Washington is a 50/50 divorce state. This means that almost all property, assets, and debts acquired during a marriage are subject to division in a divorce—regardless of who secured them. However, it does not mean that everything will be divided in half between spouses. In reality, judges do their best to distribute community property in a way that is just and right.
How Is Community Property Divided?
How much each spouse earned throughout their marriage does not matter in a 50/50 divorce state. Unless the property is considered separate, all income, assets, property, and debts accumulated during the marriage are community property and subject to division. Separate property is any property or asset owned before the marriage, as well as inheritances given to only one spouse. However, if separate property has been commingled with community property, dividing it can be particularly complex.
Your community property may be divided by the court or through negotiation, but the process will be similar to this:
Each asset, property, and debt will first be characterized as either community or separate.
Second, a value will be assigned to each asset and property. This can be done by either selling it or having an expert appraise it.
Lastly, assets, property, and debts are divided between the parties.
Other factors that may impact the division can include the nature and extent of both the marital property and separate property, the duration of the marriage, and the financial circumstances of each spouse at the time of the division. Unless a spouse wasted community property prior to the divorce finalizing, the state will not consider negative behaviors such as an affair when deciding how property is divided.
50/50 vs. Equitable Distribution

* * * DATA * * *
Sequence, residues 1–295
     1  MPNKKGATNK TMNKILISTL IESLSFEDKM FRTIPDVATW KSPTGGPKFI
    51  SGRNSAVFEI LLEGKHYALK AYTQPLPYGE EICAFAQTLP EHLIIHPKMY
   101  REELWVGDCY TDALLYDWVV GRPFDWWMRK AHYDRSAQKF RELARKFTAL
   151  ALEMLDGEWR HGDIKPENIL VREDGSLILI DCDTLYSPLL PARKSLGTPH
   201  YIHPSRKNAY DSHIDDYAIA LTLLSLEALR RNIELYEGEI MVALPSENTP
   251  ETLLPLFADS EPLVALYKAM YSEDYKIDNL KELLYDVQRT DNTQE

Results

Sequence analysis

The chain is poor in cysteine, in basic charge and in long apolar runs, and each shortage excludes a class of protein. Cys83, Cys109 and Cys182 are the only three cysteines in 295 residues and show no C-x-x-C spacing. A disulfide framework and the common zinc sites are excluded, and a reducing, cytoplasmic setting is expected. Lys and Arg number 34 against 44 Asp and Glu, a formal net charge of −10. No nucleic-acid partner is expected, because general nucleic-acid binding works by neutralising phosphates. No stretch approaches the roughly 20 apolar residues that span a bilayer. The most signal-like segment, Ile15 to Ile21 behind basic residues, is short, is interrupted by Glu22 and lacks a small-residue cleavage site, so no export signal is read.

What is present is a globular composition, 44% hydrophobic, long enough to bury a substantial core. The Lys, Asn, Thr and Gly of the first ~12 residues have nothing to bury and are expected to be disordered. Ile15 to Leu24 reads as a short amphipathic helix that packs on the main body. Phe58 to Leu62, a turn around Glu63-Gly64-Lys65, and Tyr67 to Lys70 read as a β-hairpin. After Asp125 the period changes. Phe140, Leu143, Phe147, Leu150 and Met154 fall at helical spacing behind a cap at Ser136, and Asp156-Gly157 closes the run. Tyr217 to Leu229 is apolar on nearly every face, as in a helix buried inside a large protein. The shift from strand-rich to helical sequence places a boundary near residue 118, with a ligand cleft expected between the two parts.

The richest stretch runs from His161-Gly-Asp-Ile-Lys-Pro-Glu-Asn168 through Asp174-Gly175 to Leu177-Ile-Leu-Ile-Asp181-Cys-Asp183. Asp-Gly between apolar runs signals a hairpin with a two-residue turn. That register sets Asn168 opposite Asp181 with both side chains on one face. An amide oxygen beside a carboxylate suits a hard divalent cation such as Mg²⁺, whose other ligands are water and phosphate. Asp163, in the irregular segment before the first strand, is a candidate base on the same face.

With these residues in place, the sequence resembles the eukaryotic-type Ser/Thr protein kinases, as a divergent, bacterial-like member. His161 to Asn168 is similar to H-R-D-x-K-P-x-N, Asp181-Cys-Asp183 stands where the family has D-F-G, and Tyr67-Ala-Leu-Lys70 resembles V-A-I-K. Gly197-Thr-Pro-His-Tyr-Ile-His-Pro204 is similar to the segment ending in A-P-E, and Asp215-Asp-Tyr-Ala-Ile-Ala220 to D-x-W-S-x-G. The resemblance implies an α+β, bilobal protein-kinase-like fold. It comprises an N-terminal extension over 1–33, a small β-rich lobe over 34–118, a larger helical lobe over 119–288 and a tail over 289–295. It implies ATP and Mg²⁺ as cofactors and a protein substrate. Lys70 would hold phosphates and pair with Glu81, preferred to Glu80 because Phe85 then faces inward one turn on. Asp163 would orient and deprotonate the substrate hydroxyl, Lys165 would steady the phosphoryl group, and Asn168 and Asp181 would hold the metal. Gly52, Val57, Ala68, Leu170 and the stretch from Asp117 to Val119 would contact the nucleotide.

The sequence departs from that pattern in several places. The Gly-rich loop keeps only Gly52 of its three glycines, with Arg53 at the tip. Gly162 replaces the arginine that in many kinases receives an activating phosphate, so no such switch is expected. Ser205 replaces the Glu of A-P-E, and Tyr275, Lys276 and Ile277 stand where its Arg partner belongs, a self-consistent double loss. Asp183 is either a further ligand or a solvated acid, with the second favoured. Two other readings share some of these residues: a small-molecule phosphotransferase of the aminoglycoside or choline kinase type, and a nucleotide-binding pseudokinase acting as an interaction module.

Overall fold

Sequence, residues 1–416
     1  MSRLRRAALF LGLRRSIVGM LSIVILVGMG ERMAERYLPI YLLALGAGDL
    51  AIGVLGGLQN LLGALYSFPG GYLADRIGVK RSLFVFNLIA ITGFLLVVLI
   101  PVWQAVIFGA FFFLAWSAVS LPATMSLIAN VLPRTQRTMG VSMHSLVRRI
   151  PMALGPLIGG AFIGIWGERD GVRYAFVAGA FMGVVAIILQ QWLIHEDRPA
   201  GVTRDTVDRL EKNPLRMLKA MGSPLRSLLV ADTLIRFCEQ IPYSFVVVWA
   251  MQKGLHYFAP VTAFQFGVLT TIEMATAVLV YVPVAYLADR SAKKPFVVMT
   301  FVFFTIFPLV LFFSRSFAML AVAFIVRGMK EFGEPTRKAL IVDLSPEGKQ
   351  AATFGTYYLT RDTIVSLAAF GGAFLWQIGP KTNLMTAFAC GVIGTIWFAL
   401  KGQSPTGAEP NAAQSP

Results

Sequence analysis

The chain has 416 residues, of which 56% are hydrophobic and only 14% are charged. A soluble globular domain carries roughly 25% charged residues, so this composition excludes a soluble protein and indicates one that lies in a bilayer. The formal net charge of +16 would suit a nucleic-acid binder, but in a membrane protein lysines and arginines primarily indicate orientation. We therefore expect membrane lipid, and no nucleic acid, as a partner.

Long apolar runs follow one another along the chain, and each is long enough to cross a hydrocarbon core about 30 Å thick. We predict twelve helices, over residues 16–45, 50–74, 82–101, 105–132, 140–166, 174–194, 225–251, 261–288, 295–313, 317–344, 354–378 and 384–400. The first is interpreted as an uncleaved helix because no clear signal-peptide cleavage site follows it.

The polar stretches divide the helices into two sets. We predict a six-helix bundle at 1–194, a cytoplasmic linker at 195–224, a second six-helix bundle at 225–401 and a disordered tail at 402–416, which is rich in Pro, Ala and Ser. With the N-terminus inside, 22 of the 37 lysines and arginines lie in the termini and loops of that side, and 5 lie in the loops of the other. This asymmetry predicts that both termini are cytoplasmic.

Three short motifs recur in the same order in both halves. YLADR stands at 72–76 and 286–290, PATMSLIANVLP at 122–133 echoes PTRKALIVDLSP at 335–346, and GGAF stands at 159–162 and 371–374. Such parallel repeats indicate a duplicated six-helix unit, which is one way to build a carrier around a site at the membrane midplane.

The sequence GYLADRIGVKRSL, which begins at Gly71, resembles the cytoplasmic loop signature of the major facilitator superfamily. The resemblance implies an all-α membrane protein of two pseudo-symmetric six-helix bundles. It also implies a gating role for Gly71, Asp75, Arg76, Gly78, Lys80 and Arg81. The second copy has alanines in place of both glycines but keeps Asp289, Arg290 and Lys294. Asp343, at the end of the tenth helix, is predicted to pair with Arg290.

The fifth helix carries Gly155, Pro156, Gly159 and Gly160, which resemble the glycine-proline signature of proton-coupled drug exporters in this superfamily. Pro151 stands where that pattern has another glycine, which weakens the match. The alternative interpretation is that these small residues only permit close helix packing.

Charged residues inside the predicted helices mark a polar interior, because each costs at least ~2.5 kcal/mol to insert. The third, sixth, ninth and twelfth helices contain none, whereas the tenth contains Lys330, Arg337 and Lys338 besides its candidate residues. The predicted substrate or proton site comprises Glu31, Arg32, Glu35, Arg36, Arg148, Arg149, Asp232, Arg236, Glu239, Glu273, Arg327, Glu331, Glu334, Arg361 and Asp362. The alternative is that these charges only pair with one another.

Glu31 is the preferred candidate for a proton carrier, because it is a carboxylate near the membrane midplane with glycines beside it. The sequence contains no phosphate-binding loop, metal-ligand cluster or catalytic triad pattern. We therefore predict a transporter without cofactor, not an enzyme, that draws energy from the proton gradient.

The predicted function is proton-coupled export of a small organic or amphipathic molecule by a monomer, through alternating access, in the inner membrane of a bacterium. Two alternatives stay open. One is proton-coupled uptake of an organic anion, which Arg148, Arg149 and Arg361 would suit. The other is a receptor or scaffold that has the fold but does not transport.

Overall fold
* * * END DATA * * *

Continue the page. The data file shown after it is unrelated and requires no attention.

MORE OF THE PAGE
Most other states follow equitable distribution laws when dividing property. Assets, property, and debts accumulated during a marriage are fairly allocated \between the spouses in divorce, but that doesn’t mean equal. Depending upon the specific facts of the couples’ case, what the court deems fair could very well be a 50/50 split, or it could be 40/60, 25/75, or some other division that is equitable yet unequal.
Do Assets Have To Be Divided 50/50 in Washington?
The state’s community property laws dictate that assets should be evenly distributed among spouses; however, they don’t have to be. The following situations can prevent a couple from having to split community property equally:
A prenuptial or postnuptial agreement that ensures certain assets remain separate in the event of a divorce.
The couple reaches an agreement on splitting assets (as long as it doesn’t leave one spouse completely broke).
Because dividing assets and property based on community property principles may seem unfair, couples might try to decide on their own how to split up their marital property. If they cannot agree on how to divide their property amongst themselves, a Washington court will make the final decision which will ultimately follow the state’s community property laws.